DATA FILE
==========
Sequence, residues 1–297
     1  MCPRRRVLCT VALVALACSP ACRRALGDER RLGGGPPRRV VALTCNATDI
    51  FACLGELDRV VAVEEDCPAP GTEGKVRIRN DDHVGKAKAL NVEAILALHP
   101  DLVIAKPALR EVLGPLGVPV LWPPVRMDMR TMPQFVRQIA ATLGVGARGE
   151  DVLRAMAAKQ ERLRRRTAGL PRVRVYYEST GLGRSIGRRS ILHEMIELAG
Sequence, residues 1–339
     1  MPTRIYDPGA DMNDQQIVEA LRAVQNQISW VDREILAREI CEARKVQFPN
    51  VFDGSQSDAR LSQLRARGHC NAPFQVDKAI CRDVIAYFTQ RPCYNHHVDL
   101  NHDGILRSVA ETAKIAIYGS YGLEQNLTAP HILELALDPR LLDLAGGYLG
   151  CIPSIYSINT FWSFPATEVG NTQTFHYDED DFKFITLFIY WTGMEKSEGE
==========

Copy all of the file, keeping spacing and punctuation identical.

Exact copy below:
Sequence, residues 1–297
     1  MCPRRRVLCT VALVALACSP ACRRALGDER RLGGGPPRRV VALTCNATDI
    51  FACLGELDRV VAVEEDCPAP GTEGKVRIRN DDHVGKAKAL NVEAILALHP
   101  DLVIAKPALR EVLGPLGVPV LWPPVRMDMR TMPQFVRQIA ATLGVGARGE
   151  DVLRAMAAKQ ERLRRRTAGL PRVRVYYEST GLGRSIGRRS ILHEMIELAG
Sequence, residues 1–339
     1  MPTRIYDPGA DMNDQQIVEA LRAVQNQISW VDREILAREI CEARKVQFPN
    51  VFDGSQSDAR LSQLRARGHC NAPFQVDKAI CRDVIAYFTQ RPCYNHHVDL
   101  NHDGILRSVA ETAKIAIYGS YGLEQNLTAP HILELALDPR LLDLAGGYLG
   151  CIPSIYSINT FWSFPATEVG NTQTFHYDED DFKFITLFIY WTGMEKSEGE